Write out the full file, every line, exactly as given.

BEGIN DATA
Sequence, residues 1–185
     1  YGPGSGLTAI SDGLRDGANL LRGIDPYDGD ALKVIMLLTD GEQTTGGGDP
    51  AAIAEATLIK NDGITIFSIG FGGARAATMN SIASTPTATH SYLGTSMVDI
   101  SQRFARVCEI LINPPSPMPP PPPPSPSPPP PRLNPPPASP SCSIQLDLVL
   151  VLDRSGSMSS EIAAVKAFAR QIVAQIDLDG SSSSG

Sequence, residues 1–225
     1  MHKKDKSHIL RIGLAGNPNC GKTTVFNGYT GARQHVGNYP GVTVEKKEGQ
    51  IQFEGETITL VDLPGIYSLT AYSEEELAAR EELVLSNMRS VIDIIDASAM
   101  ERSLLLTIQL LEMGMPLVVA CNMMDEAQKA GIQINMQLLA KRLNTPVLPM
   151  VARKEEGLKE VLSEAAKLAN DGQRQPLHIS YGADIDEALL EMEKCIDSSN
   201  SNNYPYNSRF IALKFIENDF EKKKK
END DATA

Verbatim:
Sequence, residues 1–185
     1  YGPGSGLTAI SDGLRDGANL LRGIDPYDGD ALKVIMLLTD GEQTTGGGDP
    51  AAIAEATLIK NDGITIFSIG FGGARAATMN SIASTPTATH SYLGTSMVDI
   101  SQRFARVCEI LINPPSPMPP PPPPSPSPPP PRLNPPPASP SCSIQLDLVL
   151  VLDRSGSMSS EIAAVKAFAR QIVAQIDLDG SSSSG

Sequence, residues 1–225
     1  MHKKDKSHIL RIGLAGNPNC GKTTVFNGYT GARQHVGNYP GVTVEKKEGQ
    51  IQFEGETITL VDLPGIYSLT AYSEEELAAR EELVLSNMRS VIDIIDASAM
   101  ERSLLLTIQL LEMGMPLVVA CNMMDEAQKA GIQINMQLLA KRLNTPVLPM
   151  VARKEEGLKE VLSEAAKLAN DGQRQPLHIS YGADIDEALL EMEKCIDSSN
   201  SNNYPYNSRF IALKFIENDF EKKKK